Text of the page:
Millimeter wave map U 230Atlanta, Houston, Detroit, Boston, Chicago, D.C., & Philadelphia/New Jersey - or a city nearby - appear to be close to ready to go commercial. Only Sacramento and Los Angeles are announced. This is not a firm deployment plan.

Verizon has been doing trials in eleven cities. They are running fiber and beginning to deploy in literally hundreds of other places. They will make final decisions based on the results in each city, marketing, and politics. They've publically committed to 1,000 base stations by the end of 2018, the largest mmWave deployment in the world. That would likely be enough for 3 to 10 square miles per city, but it will not be evenly distributed.

Millimeter wave performance differs enormously based on terrain, height, foliage, and even traffic. Verizon trials and early deployments are locations with different physical features.

In particular, they are choosing to include several different kinds of suburbs. I do not have information on whether the early deployments will be in the city listed, a suburb, or a smaller city nearby.

Readiness, including staff training, is absolutely required before turning on a city. Beyond that, marketing and politics become important. They will want D.C. as soon as they are confident it will go well, for lobbying clout. Boston area is also likely to be early. Much of their 5G research is there. 

Even in the industry, very few believe that Verizon is building the best network in the world. THey've committed $20B to cover about a quarter of the U.S. as rapidly as practical. Redefining  5G to include low and mid-band is confusing many, not just the politicians. 

This is the real stuff, millimeter wave designed to deliver a gigabit to most. 

 

 

 

dave askOn Oct 1, Verizon will turn on the first $20B 5G mmWave network, soon offering a gigabit or close to 30M homes. The estimates you hear about 5G costs are wildly exaggerated. Verizon is building the most advanced wireless network while keeping capex at around 15%.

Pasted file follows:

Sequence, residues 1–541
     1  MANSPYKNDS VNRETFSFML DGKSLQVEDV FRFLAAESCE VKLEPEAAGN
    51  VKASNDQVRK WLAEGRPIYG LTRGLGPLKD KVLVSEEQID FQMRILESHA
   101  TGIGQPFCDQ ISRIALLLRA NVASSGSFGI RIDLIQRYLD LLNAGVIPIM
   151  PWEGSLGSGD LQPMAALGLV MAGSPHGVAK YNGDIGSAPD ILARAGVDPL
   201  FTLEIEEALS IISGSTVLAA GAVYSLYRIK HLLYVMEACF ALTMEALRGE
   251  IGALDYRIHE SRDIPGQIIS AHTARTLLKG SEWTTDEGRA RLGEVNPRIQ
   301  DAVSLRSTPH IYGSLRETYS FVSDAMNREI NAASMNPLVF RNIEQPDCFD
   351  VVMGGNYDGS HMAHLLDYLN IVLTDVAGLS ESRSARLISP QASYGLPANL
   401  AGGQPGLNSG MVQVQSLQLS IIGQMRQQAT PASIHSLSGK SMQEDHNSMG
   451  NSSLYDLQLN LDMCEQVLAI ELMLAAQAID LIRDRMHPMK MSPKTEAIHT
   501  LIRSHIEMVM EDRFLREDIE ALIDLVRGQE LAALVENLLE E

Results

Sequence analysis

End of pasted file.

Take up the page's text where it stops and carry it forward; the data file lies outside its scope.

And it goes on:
The Koreans, Chinese, and almost all Europeans are not doing mmWave in favor of mid-band "5G," with 4G-like performance. Massive MIMO in either 4G or "5G" can increase capacity 4X to 10X, including putting 2.3 GHz to 4.2 GHz to use. Cisco & others see traffic growth slowing to 30%/year or less. Verizon sees cost/bit dropping 40% per year. I infer overcapacity almost everywhere.  

The predicted massive small cell builds are a pipe dream for vendors for at least five years. Verizon expects to reach a quarter of the U.S. without adding additional small cells. 

In the works: Enrique Blanco and Telefonica's possible mmWave disruption of Germany; Believe it or don't: 5G is cheap because 65% of most cities can be covered by upgrading existing cells; Verizon is ripping out and replacing 200,000 pieces of gear expecting to save half. 

-------------------

 5G Why Verizon thinks differently and what to do about it is a new report I wrote for STL Partners and their clients.

STL Partners, a British consulting outfit I respect, commissioned me to ask why. That report is now out. If you're a client, download it here. If not, and corporate priced research is interesting to you, ask me to introduce you to one of the principals.

It was fascinating work because the answers aren't obvious. Lowell McAdam's company is spending $20B to cover 30M+ homes in the first stage. The progress in low & mid-band, both "4G" and "5G," has been remarkable. In most territories, millimeter wave will not be necessary to meet expected demand.

McAdam sees a little further. mmWave has 3-4X the capacity of low and mid-band. He sees an enormous marketing advantage: unlimited services, even less congestion, reputation as the best network. Verizon testing found mmWave rate/reach was twice what had been estimated. All prior cost estimates need revision.

My take: even if mmWave doesn't fit in your current budget, telcos should expand trials and training to be ready as things change. The new cost estimates may be low enough to change your mind.